'Sherlock: Season Two'
(Benedict Cumberbatch, Martin Freeman, Rupert Graves, et al / 2-Disc DVD / NR / 2012 / BBC Home Video)
Overview: There is nothing elementary (a Holmesian cliché that this exceedingly smart and savvy series wisely shuns) about Sherlock. This sophomore season exceeds the pleasures and promise of the Emmy-nominated first season with three feature-length mysteries that fully test Holmes's mettle and cunning, and shake his very high self-regard.
DVD Verdict: As the creators say in the commentaries, the first season of 'Sherlock' was a breeze as they didn't have anything to live up to. This second season, however, had the whole world watching and so they had to take care to mould it perfectly. That's why at 90 minutes an episode and only three a year it takes 18 months inbetween seasons to get it right!
Hence, the first of the three 'A Scandal in Belgravia' kicks off exactly as the other ended, in a quiet, well lit swimming pool in London; with a stand-off between Moriarty and Sherlock (and a prone Dr. Watson!). The thing is though, as again pointed out by the creators, there was 18 months between the end of the last season and this new one, so as we start with a slight recap of that scene, it quickly changes to new scenes - and suddenly everyone's 18 months older and Sherlock's hair has slightly changed styles!
No worries though, for moving on and in this first episode Sherlock Holmes faces Irena Adler, known only as "The Woman", who in this version is a dominatrix! Featuring some delicious scenes between them both, including a full nude scene re: Irena Adler (Lara Pulver), the episode also includes the mysterious death of a hiker in the great outdoors, some fun over a hidden password, a great sub plot re: 007, a wonderfully-played final plot twist, and a great one-liner: When told of her "death," his brother Mycroft (Mark Gatniss, who also co-created 'Sherlock' with Steven Moffat) gives him a cigarette. After one puff Holmes says, "This is low tar," to which Mycroft responds, "Well, you hardly knew her!". Bloody classic!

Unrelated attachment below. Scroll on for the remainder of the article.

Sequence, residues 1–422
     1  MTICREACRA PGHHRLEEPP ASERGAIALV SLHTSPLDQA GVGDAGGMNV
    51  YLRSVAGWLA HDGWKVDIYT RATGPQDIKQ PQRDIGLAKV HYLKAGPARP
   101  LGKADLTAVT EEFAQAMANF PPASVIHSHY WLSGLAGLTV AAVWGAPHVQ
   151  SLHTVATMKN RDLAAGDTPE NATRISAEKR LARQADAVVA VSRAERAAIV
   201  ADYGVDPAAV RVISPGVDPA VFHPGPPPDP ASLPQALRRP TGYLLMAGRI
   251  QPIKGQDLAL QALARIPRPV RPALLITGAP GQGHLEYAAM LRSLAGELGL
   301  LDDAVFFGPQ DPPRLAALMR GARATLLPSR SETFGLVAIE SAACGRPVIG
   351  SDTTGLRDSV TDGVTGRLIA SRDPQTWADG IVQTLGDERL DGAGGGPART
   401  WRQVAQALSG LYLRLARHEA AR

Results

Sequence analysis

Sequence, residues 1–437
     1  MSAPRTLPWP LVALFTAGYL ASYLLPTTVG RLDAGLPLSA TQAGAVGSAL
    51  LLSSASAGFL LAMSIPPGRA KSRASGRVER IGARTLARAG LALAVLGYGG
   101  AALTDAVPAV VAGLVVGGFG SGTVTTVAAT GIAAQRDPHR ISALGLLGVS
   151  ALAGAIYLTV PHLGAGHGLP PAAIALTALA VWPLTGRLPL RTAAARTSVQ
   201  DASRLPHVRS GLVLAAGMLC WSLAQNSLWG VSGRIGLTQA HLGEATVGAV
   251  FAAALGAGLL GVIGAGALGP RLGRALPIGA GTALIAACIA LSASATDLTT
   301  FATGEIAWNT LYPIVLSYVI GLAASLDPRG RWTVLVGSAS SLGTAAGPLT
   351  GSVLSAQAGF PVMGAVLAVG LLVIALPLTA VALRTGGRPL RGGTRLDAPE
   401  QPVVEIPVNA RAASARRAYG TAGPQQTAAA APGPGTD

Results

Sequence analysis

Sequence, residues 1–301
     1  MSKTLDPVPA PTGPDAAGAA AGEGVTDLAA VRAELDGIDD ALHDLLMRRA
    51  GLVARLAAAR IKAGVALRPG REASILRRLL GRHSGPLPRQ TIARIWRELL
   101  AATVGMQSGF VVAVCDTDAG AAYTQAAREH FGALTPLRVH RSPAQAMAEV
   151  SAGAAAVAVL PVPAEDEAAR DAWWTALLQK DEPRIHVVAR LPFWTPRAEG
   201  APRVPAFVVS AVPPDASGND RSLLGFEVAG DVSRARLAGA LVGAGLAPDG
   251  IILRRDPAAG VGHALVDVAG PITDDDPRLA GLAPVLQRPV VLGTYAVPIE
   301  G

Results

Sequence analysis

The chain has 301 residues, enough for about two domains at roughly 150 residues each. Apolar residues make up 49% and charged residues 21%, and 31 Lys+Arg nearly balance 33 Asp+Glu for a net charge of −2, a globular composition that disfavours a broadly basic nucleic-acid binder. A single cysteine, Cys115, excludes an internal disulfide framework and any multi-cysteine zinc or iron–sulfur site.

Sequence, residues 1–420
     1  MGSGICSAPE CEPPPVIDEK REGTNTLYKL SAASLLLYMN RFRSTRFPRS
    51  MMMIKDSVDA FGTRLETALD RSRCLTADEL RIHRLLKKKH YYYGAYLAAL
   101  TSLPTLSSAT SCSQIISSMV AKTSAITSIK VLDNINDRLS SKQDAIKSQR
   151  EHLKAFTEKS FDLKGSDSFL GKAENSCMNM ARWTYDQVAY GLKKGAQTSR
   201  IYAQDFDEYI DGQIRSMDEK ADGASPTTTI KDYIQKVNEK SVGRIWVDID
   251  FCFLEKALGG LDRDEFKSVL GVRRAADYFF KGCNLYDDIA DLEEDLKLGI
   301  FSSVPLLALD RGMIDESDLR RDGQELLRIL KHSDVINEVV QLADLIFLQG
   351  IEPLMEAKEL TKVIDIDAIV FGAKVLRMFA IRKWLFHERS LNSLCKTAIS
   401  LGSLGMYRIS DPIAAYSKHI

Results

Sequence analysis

In 'The Hounds of Baskerville," in this case the "Hounds" are not what they seem and Baskerville itself is a (government) Army base for research. First appearing drenched in blood with a harpoon in his hands, bored and read to take on any case, Holmes is taken by a young man he thinks there is a beast that ate his father 20 years ago still on Dartmoor. This man, in actual fact is Russell Tovey who played a werewolf in 'Being Human,' so one assumes he could have dealt with this himself!
Anyhoo, as the episode unfolds, conspiracy theories abound, and even the great metal mind of Sherlock has his relentlessly rational knowledge base rattled from within! The episode also, quietly gives as a moment when Dr. Watson stumbles across "dogging on the Moors," which if you don't know what that is, well, a) good, and b) it was also a nod towards "dogs"being "loose" on the Moors!
In the final episode, 'The Reichenbach Fall,' easily the best of the bunch, and actually a remake of the 'Final Problem,' we are taken on a ride bewteen the sparing partners of both Holmes in one corner and Moriarty in the other. The latter breaks into 4 locked down establishments, allows himself to get caught, gets of scott free, and come the mid-section is setting plans in motion to dicredit Holmes and bring him to his knees.
The final roof top fatal duel between Holmes and Moriarty is incrdible to watch, so powerful, so "how did he do that?" that it will keep you guessing long after a small reveal just before the credits! This set includes a featurette on the making of the show and two audio commenataries - which, as fans, you will want to listen to, for sure! These are all Full Screen Presentations enhanced for 16x9 TVs (1.85:1).